By Thomas Countryman
Until President Donald Trump took office in 2017, every U.S. president for the previous 50 years proposed and pursued negotiations with Moscow as a means to regulate destabilizing nuclear arms competition and reduce the risk of the United States and its allies being destroyed in a nuclear war. They sought and concluded a series of treaties, with strong bipartisan support, that have made the United States and the world much safer.
Nearly exactly 50 years ago, for example, the United States and Russia opened the Strategic Arms Limitation Talks on Nov. 17, 1969. Lead U.S. negotiator Gerard Smith wrote that his opening message that day was that “[t]he limitation of strategic arms is in the mutual interests of our country and the Soviet Union.”1
What was true then is true now. Sadly, Trump has not continued the efforts of his predecessors. The United States abandoned the 1987 Intermediate-Range Nuclear Forces (INF) Treaty this year and appears ready to allow the 2010 New Strategic Arms Reduction Treaty (New START) to lapse in 2021. If New START expires, there will be no legally binding, verifiable limits on the world’s two largest nuclear arsenals for the first time in nearly half a century.
Instead, Trump says he wants to bring China into trilateral negotiations with Russia on a new agreement to limit nuclear weapons not covered by New START. Efforts to limit all types of nuclear weapons with other nuclear-armed states are admirable, but such negotiations would be complex and time consuming. There is no realistic chance that a new agreement along these lines could be finalized before New START expires.
This approach has drawn a bipartisan rebuke, and has prompted House and Senate lawmakers to introduce bills to support New START extension. In the House, Reps. Eliot Engel (D-N.Y.) and Michael McCaul (R-Texas) introduced the “Richard G. Lugar and Ellen O. Tauscher Act to Maintain Limits on Russian Nuclear Forces” bill, which expresses the sense of Congress that the United States should seek to extend New START so long as Russia remains in compliance. Similarly, in the Senate, Sens. Chris Van Hollen (D-Md.) and Todd Young (R-Ind.) introduced a companion bill of the same title and purpose.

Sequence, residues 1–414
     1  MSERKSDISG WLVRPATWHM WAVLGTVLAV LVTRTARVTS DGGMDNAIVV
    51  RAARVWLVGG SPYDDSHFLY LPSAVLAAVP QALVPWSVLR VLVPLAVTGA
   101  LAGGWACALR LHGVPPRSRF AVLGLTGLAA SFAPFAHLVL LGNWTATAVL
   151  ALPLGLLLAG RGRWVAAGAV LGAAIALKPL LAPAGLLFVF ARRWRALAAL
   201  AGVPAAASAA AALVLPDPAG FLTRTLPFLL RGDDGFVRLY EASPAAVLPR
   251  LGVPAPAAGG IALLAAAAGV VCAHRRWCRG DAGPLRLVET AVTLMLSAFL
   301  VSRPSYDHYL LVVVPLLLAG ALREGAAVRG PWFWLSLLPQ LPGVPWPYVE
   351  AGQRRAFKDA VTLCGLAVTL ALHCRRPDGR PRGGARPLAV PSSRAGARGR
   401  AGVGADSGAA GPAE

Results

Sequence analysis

Extending New START would preserve verifiable caps on the number of deployed strategic nuclear weapons in the United States and Russia. The treaty limits each side to 1,550 warheads and 700 delivery systems. Without these limits and verification measures, Russia is well positioned to rapidly upload more additional warheads than the United States could, and each side would have far less insight into the other’s nuclear deployment and modernization plans. As a result, the already difficult and uneasy U.S. nuclear relationship with Russia would become even more complicated, the risks of renewed nuclear competition would grow, and efforts to mitigate nuclear risks in other corners of the globe would become more difficult.
The Value of Nuclear Arms Control
Previous presidents, since Dwight Eisenhower have recognized the value of effective nuclear arms control. They understood that:
- Talking to an adversary, whether a superpower such as the Soviet Union or a lesser challenger such as Iran, is not a sign of weakness but a hardheaded and realistic means to reduce threats posed to the United States.
- Treaties provide rules of the road that enable the United States to pursue more effectively its economic and security interests while constraining other nations’ ability to act against U.S. interests more than they constrain U.S. freedom of action.
- Arms control agreements are not a concession made by the United States or a favor done to another nation, but an essential component of and contribution to U.S. national security.
- In a world in which the United States claims global leadership, Washington must take the lead bilaterally and multilaterally, proposing initiatives that greatly reduce the risk that weapons of mass destruction spread or are used.
- The pursuit of reductions of nuclear stockpiles and the eventual elimination of nuclear weapons as a moral and, since approval by the U.S. Senate of the nuclear Nonproliferation Treaty (NPT) in 1969, legal obligation, one that can and must be pursued regardless of the ups and downs of great-power relations.